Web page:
[13] The distribution of the warming with depth (without arguing about the overall magnitude) is consistent with a strong surface signal that is propagating slowly towards deeper layers by advection and diffusion, and is very similar in the 20th-century simulations and the observations. We argue that the change from a heterogeneous temperature trend profile (Figure 1a) to a more homogeneous one (Figures 1b and 1c) reflects the difference between natural variability and the forced signal. While the warming of the mixed layer is a simple consequence of the tight coupling between the atmosphere and surface ocean, the clear observed warming trends in intermediate depth layers (100–500 m) are a strong argument for an external forcing. Another interesting point is that the normalized warming in the topmost tens of meters (relative to the global SAT trend) is very similar in all L20 simulations (about 0.75°C) and within a few percent of the observations. This reflects the land-ocean contrast of the observed warming which is very robustly simulated in all models [Drost et al., 2011]. For the control segments, however, the warming in that layer varies in a wide range (0.4–0.9°C).

[14] Forest et al. [2008]found that the models participating in CMIP3 overestimated the deep-ocean heat uptake. This might also be the case in the CMIP5 model suite and this could explain part of the smooth changes with depth. However in our analysis the models used in the control and historical periods are the same. Thus even if the CMIP5 models were too diffuse our conclusions would remain similar. In addition, uncertainties in ocean observations are still substantial, in particular in deeper layers, and interpolation from sparse data could affect the estimated variability. Judging which models are more realistic is therefore difficult.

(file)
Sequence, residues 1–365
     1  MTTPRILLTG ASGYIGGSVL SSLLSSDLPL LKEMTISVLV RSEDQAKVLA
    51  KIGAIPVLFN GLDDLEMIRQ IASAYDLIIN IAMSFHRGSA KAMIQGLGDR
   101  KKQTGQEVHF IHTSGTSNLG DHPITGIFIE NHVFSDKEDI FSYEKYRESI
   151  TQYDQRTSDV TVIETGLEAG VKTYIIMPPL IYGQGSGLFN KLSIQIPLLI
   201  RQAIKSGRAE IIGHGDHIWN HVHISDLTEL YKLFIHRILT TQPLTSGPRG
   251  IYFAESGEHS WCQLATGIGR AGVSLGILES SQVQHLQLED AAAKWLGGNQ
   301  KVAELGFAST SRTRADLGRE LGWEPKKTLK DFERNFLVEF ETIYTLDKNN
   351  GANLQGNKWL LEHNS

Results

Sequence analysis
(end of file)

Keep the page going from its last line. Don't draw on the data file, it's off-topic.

[15] The above conclusion is based only on patterns, since each 50-yr phase is normalized by the global SAT trend. A simple way to differentiate between a forced and an unforced signal is of course to argue based on the magnitude of the trend of the SAT and ocean temperature. Indeed the mean SAT trend of the late 20th-century trends (L20) is about 4 times larger than the mean of the largest trend of the control period and the smallest SAT trend from L20 is still about 1.6 times larger than the largest slope of the control period. The absolute trends of ocean heat content for the control simulations are shown in Figure S3 of theauxiliary materialand are much smaller than those of the 20th-century simulations. These conclusions are similar to those byHuber and Knutti [2011] based on CMIP3. Our main point here, however, is that arguing about magnitudes relies on the assumption that climate models do not underestimate decadal variability, whereas the normalized warming profiles in Figure 1 provide support for an external forcing based only on the depth profile, without knowing the magnitude of change. Note that the models used are the same for the control and historical periods and thus have the same unforced variability.